Since the age of 12, I have tried at least one and usually multiple diets every year. As an awkward, pre-teen girl I thought I should look like the girls in the Teen and Seventeen Magazines that I bought with my spending money. So I followed my mom’s lead and started reading her Weight Watchers materials, making my own food tracker, filling in the little tiny boxes for fat, vegetables, meat, and poultry, etc. Fast forward to my late 30’s and I could add these diets to the list: Body for Life, the South Beach diet, the Atkins Diet, calorie counting on paper, My Fitness Pal, Weight Watchers again, low-carb, and Trim Healthy Mama. My last diet, intermittent fasting with an 18/6 eating window ended in mid-2019. After that, I decided to experiment with not dieting. Here are some of the lessons I’ve learned from a year of not dieting.
You might think I probably wasn’t “successful” with any of these diets, and that’s why I swore off dieting, but that isn’t the case. Yes, some of them lasted a few days before I “fell off the wagon” and started eating all the “off plan” foods, but I’ve also been called the “thinspiration” of my friends, and have been told that I’m a “role model,” for how to change your life, at least as far as health and fitness is concerned. I’ve gained and lost about 200 pounds over the course of those 25 years. My biggest weight loss was 75 lbs. between 2008-2010, which I did keep off for close to two years before gaining it back. With my last dieting, intermittent fasting, I stopped after developing a chronic health condition that was caused by eating that way. I had lost 35 lbs. doing IF and thought I could do it forever. But it was actually making me sick.
Not Dieting Isn’t the Same as Being “Off the Wagon”
The first lesson I learned from a year of not dieting is that not dieting doesn’t mean you’re “off the wagon,” that you’ve “let yourself go,” or that you don’t care about your health or being overweight. This has actually been a great year for me, health-wise. I’ve developed more positive health habits that are TRULY for my health and not just for being skinny or being admired by strangers on social media. This year I’ve gotten more sleep, eaten more vegetables, learned to listen to my hunger signals, and finally felt some peace with food.
Diets Don’t Work
A second lesson I learned from a year of not dieting is that I didn’t fail at dieting. Dieting failed me because diets fail. The research on diets says that diets don’t work. In fact, dieting is associated with future weight gain.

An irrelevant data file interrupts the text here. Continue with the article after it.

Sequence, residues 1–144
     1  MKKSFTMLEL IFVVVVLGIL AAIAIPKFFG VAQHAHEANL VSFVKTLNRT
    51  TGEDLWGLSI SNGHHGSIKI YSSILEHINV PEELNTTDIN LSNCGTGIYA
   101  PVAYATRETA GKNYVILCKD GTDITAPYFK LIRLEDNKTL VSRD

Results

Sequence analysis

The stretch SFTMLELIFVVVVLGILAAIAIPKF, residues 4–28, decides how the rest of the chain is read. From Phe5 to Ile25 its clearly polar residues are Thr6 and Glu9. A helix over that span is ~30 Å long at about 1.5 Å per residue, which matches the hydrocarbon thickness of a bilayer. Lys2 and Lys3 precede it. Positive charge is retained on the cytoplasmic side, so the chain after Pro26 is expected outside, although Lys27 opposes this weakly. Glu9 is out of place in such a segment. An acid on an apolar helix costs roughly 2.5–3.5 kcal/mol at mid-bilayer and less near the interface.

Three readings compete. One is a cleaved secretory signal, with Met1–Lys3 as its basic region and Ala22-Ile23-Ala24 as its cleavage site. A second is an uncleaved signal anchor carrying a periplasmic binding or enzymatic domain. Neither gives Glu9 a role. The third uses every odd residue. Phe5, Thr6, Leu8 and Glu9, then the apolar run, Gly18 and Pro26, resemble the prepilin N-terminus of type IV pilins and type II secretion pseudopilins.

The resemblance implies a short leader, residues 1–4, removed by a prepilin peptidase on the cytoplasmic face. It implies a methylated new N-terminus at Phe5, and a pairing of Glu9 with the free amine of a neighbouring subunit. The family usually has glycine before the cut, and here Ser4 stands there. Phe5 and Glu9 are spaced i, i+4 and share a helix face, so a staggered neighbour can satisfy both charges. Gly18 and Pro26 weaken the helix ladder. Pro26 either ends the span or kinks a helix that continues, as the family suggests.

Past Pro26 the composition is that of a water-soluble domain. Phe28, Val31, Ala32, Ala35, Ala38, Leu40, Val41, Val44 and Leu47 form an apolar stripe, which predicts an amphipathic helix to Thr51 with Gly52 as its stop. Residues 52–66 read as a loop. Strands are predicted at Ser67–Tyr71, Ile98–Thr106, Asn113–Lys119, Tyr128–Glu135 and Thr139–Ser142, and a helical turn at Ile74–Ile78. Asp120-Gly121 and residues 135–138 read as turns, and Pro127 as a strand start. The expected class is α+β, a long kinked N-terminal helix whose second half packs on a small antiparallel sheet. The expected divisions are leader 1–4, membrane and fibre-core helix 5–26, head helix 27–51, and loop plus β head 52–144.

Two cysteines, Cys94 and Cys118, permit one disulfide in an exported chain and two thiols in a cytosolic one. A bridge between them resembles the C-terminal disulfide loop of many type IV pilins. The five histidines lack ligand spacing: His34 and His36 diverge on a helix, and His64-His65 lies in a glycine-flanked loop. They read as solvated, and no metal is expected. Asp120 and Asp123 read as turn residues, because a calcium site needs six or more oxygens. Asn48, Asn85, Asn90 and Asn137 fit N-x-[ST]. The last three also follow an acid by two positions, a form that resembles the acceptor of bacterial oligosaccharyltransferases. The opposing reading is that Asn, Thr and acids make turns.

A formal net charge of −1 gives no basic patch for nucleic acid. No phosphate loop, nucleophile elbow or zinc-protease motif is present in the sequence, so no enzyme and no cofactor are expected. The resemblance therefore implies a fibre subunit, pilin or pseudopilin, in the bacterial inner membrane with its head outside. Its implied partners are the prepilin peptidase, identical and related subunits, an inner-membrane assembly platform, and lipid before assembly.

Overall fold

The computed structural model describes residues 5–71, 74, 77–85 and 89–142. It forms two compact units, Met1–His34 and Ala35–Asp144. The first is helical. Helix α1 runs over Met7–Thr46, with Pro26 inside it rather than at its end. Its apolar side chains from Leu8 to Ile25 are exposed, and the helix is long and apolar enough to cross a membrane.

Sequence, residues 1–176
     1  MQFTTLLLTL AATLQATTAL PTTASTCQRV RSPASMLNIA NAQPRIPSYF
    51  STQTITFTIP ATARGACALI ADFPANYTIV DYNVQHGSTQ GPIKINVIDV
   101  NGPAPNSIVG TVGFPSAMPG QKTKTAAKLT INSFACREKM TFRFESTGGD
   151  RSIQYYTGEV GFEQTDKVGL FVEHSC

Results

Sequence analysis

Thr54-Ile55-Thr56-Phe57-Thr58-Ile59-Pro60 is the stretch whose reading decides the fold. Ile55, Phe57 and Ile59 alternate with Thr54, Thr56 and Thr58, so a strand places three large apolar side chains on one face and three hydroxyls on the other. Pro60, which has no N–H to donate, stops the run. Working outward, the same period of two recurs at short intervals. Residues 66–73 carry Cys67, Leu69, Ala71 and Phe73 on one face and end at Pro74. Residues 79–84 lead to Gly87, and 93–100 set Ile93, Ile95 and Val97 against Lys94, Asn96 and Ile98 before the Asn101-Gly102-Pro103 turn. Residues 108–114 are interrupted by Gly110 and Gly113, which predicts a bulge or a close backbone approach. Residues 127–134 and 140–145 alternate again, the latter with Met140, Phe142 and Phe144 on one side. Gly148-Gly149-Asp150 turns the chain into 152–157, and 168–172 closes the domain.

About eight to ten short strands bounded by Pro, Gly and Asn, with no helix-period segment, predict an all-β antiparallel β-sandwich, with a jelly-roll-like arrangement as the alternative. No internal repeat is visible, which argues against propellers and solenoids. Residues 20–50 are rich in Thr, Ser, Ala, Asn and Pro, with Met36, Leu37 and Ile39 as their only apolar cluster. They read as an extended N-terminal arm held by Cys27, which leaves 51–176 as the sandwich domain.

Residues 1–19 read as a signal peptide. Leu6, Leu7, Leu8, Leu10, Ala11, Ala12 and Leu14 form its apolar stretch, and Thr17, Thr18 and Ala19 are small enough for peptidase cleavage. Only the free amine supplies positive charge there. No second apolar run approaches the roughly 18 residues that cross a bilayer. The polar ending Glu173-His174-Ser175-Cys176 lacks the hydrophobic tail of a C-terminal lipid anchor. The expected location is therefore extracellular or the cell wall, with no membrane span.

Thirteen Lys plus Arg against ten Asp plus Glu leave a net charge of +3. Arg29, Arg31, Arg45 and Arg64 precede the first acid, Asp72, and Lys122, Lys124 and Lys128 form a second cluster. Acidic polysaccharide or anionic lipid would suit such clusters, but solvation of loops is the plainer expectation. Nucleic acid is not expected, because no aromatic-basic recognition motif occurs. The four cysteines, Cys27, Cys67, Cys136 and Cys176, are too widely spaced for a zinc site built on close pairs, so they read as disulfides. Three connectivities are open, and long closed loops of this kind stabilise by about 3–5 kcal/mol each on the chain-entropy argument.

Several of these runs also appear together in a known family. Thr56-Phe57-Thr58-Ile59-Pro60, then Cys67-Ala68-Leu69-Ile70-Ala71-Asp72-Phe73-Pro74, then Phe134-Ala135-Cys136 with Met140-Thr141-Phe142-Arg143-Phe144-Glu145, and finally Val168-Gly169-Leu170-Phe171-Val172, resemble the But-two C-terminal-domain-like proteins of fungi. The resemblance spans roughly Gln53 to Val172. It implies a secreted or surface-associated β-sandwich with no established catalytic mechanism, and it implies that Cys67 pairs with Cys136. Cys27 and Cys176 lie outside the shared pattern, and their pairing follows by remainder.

Not dieting doesn’t mean I eat all the things
Feeling the urge to binge or overeat is normal when you first stop dieting. Restricting what you’re eating is damaging to your metabolism and is psychologically damaging. The result of that is when you stop restricting food, your natural tendency is going to be to overeat. This isn’t a lack of willpower, it is a normal part of being human. For me, over-eating or binging when I stopped dieting lasted for a couple of months, but then it stopped and I just felt like I calmed down about food. If you’ve never heard of the Minnesota Starvation Experiment, it’s a super fascinating read. If you read it, see if you can see the similarities between what happened in the experiment and modern-day dieting. Here’s an awesome podcast about it.
Not dieting doesn’t mean I don’t care about fat loss
I can still want to lose fat and not be willing to use dieting to do it. For me, that meant trying to find another, more sustainable way than dieting. That has looked like working on my thinking and working on my health habits. It’s not sexy. It’s pretty much the most boring thing ever. Eating more vegetables and more protein is boring. Trying to move my body everyday is boring. But very slowly, it results in fat loss. Or maybe sometimes it doesn’t. That’s ok too.
I don’t have to hate my body
Another lesson I learned from a year of not dieting, is that I can want to lose fat and ALSO not hate or shame my body at the same time. Bodies are pretty boring and hopefully one of the less interesting things about me. The truth is that even at my thinnest, I wanted to be thinner. And that wasn’t a problem with my body, it was a problem with how I thought about my body. I have wasted so much time, energy, and money dieting and worrying about what other people thought about my body. Also, feeling shame usually makes someone want to turn to something to comfort them, like food. Feel bad about your body=want to eat cookies to feel better.
We want to encourage you to rethink your relationship with dieting and with your body. Love yourself, kick the diets to the curb, and mama, buy the pants! Check out a few other articles we’ve shared on this topic: